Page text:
BABY SPIT UP
We’ve all seen them—babies that seem to be the perfect little ladies and gentlemen—until someone tries to feed them. Suddenly, what was meant to be in the first stages of digestion is instead on the feeder’s shirt. Yes, it’s a spitty baby, and other than a change of clothes, the first thing on the feeder’s mind might be how to avoid a repeat performance. And if it’s been happening a lot, there might be some questions as to whether it’s normal, or whether there is something wrong. Read more here!
SICKLE CELL CONDITIONS IN PREGNANCY
Sickle cell conditions include sick cell trait (SCT) and sickle cell disease (SCD). These are genetic conditions involving the hemoglobin in red blood cells (RBCs), whose job is to carry oxygen to body tissues. Stressful environments that can put people with SCT in danger of developing sickle cell crisis include high altitude, dehydration, and very intense sports, and possibly pregnancy may do the same. Read our blog on The Pulse here, and available now, our extensive Expert Report written by one of our doctors!
LAST WEEK’S TOP BLOG
LOW-LYING PLACENTA (PLACENTA PERVIA): CAN I STILL HAVE VAGINAL BIRTH?
Known as placenta previa, a low lying placenta is a pregnancy complication. The placenta is the organ that connects the maternal and fetal blood supplies. If it develops in the lower part the uterus, it can obstruct the cervix, through which a fetus must pass during a vaginal delivery. Normally, the placenta develops close to where the early embryo has implanted in the endometrium (the wall of the uterus), in the upper region of the uterus called fundus. However, if the embryo implants lower down, the placenta will develop lower down as well. Read more here!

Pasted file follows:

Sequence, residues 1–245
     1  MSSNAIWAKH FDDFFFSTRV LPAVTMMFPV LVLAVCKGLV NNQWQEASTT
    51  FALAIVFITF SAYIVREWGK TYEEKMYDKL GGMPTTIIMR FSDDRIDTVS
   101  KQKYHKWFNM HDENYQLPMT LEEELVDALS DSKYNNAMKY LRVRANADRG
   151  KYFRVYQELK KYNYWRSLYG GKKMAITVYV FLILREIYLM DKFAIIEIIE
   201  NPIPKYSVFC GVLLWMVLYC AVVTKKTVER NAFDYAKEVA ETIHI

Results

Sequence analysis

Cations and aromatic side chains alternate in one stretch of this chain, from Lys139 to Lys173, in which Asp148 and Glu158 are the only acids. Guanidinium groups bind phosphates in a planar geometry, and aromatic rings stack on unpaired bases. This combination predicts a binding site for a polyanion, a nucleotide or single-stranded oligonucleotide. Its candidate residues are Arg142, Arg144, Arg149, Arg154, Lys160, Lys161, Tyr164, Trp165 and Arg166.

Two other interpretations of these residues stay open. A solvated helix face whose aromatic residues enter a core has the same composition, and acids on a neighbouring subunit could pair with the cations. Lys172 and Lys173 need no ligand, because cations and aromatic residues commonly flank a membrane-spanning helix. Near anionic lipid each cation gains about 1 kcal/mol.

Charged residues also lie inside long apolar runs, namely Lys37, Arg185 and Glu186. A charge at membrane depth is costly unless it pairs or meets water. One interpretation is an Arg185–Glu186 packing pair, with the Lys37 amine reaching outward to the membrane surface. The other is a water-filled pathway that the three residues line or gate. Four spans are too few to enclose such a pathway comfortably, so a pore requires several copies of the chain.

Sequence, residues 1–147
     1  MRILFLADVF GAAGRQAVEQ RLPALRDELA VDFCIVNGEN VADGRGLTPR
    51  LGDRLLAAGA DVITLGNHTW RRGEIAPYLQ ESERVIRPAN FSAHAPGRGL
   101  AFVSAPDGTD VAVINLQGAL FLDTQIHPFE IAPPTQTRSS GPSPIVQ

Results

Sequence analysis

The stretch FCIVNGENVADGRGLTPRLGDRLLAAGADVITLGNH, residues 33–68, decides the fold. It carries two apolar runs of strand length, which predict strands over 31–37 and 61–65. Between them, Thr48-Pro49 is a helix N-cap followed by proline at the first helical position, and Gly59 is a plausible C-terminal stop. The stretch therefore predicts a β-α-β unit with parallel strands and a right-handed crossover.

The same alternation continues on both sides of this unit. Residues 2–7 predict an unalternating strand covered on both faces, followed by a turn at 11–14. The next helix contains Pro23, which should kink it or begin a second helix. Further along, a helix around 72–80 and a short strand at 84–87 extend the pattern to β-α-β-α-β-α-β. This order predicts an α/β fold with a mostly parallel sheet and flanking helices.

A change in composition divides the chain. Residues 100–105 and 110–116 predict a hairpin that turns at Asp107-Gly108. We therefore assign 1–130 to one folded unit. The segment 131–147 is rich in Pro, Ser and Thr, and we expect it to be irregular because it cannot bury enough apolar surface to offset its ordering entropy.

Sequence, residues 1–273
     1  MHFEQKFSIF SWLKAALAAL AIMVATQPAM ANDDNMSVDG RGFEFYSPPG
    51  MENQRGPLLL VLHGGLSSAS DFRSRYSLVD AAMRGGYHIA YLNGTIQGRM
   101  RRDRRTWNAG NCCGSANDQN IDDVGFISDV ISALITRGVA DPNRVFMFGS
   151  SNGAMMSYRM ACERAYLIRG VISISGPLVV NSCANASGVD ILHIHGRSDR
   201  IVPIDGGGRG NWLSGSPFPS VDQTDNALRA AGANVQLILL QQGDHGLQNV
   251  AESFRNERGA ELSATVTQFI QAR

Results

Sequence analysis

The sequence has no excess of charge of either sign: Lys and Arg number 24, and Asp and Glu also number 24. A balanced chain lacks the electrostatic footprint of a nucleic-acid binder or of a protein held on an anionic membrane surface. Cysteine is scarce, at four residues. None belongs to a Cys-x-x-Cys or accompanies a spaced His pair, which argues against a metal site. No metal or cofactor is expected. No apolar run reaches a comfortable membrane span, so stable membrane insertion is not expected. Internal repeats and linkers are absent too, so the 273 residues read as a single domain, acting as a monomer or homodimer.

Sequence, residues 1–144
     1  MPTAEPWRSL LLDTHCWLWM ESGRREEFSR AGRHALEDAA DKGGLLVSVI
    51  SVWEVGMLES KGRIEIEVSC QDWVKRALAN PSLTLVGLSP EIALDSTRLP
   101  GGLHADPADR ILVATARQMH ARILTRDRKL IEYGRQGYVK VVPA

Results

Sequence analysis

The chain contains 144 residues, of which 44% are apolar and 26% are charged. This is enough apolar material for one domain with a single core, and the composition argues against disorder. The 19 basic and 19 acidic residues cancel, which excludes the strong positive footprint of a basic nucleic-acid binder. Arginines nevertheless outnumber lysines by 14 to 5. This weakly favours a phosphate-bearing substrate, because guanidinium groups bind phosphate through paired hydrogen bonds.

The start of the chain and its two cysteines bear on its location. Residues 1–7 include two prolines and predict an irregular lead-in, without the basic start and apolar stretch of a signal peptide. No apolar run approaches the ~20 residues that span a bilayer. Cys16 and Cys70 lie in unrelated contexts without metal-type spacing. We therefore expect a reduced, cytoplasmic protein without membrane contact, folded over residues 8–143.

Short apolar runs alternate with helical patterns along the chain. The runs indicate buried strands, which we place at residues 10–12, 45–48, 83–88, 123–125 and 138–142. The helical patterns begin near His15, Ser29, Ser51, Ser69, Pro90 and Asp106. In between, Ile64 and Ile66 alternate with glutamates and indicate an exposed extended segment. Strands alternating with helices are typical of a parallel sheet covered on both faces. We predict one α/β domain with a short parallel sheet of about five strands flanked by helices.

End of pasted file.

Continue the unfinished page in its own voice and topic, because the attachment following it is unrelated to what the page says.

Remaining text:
EXPERT REPORTS ON CONDITIONS, EXPOSURES, AND MEDICATIONS DURING PREGNANCY AND LACTATION
Pregistry has many useful tools to help you during your pregnancy. One example is our Export Reports section, which has reports on more than 250 medical conditions, 75 exposures, and 150 medications during pregnancy and breastfeeding. The reports can be accessed for free and they can be saved and shared with family and friends. Learn more here!